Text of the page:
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Computed Tomography

Computed tomography (CT) has greater than 95% accuracy and is the best diagnostic imaging method for abdominal abscess. The presence of ileus, dressings, drains, or stomas does not interfere with reliability.

For good anatomic resolution, use oral and intravenous (IV) contrast (see the images below). Oral contrast may help to differentiate a fluid-filled extraluminal structure from a normal intestine. Extravasation of oral contrast indicates a fistula or an anastomotic leak. IV contrast may enhance the abscess by concentrating the contrast material within the abscess wall. The use of oral and IV contrast may be limited by ileus, allergy to contrast material, and renal insufficiency.

Contrast-enhanced computed tomography (CT) scan of Contrast-enhanced computed tomography (CT) scan of infected pancreatic pseudocyst (which can develop from acute necrotizing pancreatitis and give rise to an abscess).
A 35-year-old man with a history of Crohn disease A 35-year-old man with a history of Crohn disease presented with pain and swelling in the right abdomen. Figure A shows a thickened loop of terminal ileum adherent to the right anterior abdominal wall. In figure B, the right anterior abdominal wall, adjacent to the inflamed terminal ileum, is markedly thickened and edematous. Figure C shows a right lower quadrant abdominal wall abscess and enteric fistula (confirmed by the presence of enteral contrast in the abdominal wall).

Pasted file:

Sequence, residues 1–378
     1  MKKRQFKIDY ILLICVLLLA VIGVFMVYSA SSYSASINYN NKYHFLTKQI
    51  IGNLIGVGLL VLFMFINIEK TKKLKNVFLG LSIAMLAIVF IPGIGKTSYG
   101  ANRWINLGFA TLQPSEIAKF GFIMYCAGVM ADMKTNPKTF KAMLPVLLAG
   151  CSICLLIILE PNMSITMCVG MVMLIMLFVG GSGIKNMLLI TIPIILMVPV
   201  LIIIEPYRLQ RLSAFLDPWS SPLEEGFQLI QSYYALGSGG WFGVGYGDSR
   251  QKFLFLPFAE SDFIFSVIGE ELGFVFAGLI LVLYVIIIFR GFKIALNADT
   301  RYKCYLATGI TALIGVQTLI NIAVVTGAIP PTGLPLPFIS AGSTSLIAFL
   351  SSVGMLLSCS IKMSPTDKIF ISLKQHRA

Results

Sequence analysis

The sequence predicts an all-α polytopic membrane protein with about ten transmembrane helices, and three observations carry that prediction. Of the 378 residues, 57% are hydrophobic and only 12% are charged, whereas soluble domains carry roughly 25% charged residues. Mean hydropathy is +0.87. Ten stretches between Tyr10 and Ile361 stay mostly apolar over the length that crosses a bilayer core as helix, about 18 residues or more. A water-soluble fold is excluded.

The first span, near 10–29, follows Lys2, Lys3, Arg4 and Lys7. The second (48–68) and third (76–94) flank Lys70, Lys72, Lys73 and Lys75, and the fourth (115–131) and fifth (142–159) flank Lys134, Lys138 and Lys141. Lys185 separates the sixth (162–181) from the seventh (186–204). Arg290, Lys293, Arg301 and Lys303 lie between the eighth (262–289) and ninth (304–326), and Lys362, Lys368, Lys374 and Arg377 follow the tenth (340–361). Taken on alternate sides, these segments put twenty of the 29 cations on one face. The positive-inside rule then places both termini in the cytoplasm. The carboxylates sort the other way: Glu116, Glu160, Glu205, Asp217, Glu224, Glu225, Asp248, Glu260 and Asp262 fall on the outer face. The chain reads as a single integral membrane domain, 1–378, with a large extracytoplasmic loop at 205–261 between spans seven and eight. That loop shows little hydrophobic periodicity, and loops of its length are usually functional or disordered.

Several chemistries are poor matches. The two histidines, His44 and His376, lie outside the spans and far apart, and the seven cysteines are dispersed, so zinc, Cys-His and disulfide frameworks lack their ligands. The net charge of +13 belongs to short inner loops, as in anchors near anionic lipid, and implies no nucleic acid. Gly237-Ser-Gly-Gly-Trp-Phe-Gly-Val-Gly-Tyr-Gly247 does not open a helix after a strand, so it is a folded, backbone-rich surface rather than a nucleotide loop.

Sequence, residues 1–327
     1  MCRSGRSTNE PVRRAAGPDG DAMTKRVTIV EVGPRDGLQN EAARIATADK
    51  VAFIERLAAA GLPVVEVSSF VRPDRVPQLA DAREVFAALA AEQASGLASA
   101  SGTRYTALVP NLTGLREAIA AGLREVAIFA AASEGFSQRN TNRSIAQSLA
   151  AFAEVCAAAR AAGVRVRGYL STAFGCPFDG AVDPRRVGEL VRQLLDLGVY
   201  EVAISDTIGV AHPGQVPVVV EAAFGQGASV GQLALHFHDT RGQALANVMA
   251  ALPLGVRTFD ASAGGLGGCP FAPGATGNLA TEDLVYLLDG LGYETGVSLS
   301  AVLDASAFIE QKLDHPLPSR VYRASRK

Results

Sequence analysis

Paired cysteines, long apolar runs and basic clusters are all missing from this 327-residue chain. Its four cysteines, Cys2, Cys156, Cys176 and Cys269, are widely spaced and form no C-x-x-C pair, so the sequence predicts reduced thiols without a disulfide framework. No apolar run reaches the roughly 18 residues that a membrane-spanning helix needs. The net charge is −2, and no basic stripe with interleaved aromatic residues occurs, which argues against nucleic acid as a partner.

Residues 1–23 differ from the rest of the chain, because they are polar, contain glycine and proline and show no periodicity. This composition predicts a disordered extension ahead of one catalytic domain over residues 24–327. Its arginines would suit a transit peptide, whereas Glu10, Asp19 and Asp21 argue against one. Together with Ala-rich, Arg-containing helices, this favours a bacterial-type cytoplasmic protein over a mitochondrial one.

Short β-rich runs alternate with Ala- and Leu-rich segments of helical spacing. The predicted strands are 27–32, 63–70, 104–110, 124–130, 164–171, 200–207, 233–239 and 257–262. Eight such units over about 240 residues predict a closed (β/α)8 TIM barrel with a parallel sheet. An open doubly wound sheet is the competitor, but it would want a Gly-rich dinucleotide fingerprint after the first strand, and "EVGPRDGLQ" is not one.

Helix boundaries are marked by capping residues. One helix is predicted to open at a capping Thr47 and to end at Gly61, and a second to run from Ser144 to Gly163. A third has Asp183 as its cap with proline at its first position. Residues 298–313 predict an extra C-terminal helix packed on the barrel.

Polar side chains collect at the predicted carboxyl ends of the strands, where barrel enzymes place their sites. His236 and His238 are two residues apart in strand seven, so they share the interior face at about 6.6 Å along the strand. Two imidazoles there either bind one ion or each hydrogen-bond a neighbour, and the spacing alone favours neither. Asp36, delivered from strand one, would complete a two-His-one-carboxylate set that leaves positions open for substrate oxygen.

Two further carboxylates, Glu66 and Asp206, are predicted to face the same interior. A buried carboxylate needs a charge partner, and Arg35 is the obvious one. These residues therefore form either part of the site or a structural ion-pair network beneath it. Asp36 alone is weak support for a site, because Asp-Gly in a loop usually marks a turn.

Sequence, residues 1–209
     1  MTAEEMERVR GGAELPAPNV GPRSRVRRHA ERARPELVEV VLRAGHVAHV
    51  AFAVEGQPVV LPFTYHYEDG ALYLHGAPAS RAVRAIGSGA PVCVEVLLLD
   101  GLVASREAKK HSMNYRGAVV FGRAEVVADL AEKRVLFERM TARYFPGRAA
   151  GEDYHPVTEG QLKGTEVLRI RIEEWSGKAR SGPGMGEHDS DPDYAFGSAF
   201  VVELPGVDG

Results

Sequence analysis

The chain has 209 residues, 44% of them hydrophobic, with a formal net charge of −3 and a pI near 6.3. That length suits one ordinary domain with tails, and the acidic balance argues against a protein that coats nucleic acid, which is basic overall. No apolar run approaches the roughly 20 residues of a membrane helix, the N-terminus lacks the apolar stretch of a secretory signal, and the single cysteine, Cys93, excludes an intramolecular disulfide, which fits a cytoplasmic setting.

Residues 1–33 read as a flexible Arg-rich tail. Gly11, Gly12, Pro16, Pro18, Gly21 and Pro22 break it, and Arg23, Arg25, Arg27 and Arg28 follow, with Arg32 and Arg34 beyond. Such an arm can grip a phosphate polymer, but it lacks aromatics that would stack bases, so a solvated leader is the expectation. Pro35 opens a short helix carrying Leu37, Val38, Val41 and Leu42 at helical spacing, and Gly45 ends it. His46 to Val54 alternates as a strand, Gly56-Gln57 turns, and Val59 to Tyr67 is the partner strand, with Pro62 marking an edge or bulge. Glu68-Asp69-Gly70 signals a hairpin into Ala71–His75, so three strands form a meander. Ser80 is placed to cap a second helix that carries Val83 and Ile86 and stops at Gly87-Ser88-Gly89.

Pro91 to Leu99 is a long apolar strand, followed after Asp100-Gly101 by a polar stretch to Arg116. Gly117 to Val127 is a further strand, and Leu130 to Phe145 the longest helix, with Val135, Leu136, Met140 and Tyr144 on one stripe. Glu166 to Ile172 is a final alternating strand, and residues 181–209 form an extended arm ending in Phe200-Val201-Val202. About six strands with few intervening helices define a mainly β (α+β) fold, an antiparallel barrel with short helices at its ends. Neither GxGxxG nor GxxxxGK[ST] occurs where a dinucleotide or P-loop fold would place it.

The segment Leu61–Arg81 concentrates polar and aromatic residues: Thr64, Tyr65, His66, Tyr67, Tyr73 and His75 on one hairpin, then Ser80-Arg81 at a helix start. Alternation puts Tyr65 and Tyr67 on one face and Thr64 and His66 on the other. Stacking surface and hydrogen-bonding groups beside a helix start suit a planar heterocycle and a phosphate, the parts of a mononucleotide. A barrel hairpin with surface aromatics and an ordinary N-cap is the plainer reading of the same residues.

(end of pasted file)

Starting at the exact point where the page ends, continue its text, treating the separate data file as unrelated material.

Identify any occult abscesses using serial images obtained from the diaphragm to the pelvis. The appearance of an air bubble within a fluid collection or a low-attenuation extraluminal mass is diagnostic of an intra-abdominal collection. CT can document inflammatory edema in the adjacent fat (obliteration of fat plane) and hyperemia in the abscess wall (enhancement).

Drawbacks of CT include nonportability, relative difficulty in diagnosing intraloop abscesses, and, possibly, poor patient cooperation.

Recent intra-abdominal surgery also may pose a diagnostic problem in patients in whom intra-abdominal abscesses are suspected. CT is not recommended for use in diagnosing such abscesses until approximately postoperative day 7, by which time postoperative tissue edema is reduced and nonsuppurative fluids (eg, hematoma, seroma, intraoperative irrigation fluid) should be reabsorbed. In most postoperative patients, signs of intra-abdominal abscesses do not develop within the first 4-5 days.